The East has always been looked upon as the land of mystery from where all the religions of the world had their origins; mystery has not ceased to fascinate contemporary poets. Abrar Ahmad lists diverse kinds of experiences from a telephone conversation to a dead body on a stretcher, from the swaying lamp in the street corner to “this unreal being which once had unbearable weight”, all of which turn into memory and stay there until the vehicle of memory itself turns into a memory ( Part of our Memory). Anjali Sahoo in the Oriya poem An Anonymous Star encounters her ultimate loneliness: her namelessness, her inability to burn to ash, her refusal to seek others’ mercy. Ashok Vajpeyi, the well-known Hindi poet, meditates over the end: there will be nothing after the end except the end itself. “No astonished moonrise of the body/no bleak anguish of the soul/no sun-remembrance of love” ( After the End). Everything then will survive only for those who have no end. Kanji Patel’s Gujarati poem is like a Rigvedic hymn about creation. “God arrived on the wings of wind/He fetched the world along with;/ the world consumes fire” ( God and the World). Kinga Choden from Bhutan speaks of the mysterious man in Red Robes, a Buddha-like presence, who led him along the passage of life and truth. But he was lured by a temptress and got lost in a desert of mirage. He had shielded the poet, but forgot to shield himself ( That Man in Red Robes). Kushal Dutta from Assam is inspired by a Chinese film to write a symbolic poem on the golden eagle that sits hatching in the cold expanse of his heart (The Golden Eagle). Mamang Dai delves deep into the mythology of her Arunachal Pradesh to come up with fresh images like “the striped summer of the tiger”.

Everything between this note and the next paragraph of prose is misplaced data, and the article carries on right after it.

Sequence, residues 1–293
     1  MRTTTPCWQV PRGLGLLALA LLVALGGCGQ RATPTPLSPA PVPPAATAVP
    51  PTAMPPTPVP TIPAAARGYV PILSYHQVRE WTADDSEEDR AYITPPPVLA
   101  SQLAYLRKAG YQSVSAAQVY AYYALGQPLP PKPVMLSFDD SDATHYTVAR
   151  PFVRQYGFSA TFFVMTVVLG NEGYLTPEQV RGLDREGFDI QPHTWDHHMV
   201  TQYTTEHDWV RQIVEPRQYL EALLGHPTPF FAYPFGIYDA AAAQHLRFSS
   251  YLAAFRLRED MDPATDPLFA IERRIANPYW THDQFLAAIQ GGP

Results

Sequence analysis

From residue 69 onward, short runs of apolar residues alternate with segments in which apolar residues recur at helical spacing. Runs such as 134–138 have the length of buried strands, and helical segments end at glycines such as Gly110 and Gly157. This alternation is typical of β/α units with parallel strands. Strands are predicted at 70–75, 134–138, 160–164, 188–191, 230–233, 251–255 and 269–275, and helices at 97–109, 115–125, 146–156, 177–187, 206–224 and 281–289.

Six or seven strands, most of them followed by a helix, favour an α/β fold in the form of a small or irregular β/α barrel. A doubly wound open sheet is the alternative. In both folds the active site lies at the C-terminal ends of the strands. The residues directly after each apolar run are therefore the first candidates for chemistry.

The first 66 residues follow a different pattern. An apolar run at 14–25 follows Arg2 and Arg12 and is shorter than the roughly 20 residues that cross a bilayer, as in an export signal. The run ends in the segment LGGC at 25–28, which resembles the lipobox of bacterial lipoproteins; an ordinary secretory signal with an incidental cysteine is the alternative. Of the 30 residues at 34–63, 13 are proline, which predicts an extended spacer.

Manglesh Dabral writes of dreams where “we see ourselves as righteous men. We see an old cracked mirror. We see blood coming out of our nose” ( Poem of Dreams). Nitupurna, Bengali poet, sees the plant of wonder emerging above the riverbank filling the shore of language with fragrance ( The Plant of Wonder). Hindi poet Pankaj Singh’s Night Poem weaves together the growing flowers, ripening fruits and pangs of desire to create a passionate pattern in the darkness. Saleem Pasha wonders in his Urdu verse: “Who is this third that passes by? Time, or Man? Or is it just me?” ( Tell-tale Bottom Line of the Tale). Sarmad Sehbai, again from Urdu, articulates “the common sorcery of daily genesis” by references to the story of Satan and the fall of Man in the Bible. Will–O’-the Wisp grows into the very emblem of mystery in Saurav Saikia’s Assamese poem of that name. Sirpi Balasubramanian, the senior Tamil poet, hides a great truth behind his play with the names of directions: that if we banish those distinctions, the sun will rise in the human world. Sitakant Mahapatra’s famous Oriya poem Death of Krishna is a powerful and dramatic piece describing the death of Krishna in the hands of Jara, the hunter. The poet brings the episode to the present by bringing in newspapers that carry Krishna’s obituaries and the declaration of a public holiday. Sitanshu Yashaschandra in his Gujarati poem Under Stones depicts the mystery of world and nature by repeatedly asking and trying to find out what lies beneath the stones. Thana Vishnu from Sri Lanka finds a blind cat in his mind even when the real blind cat vacates his chair ( The Dark Shadow above My Self).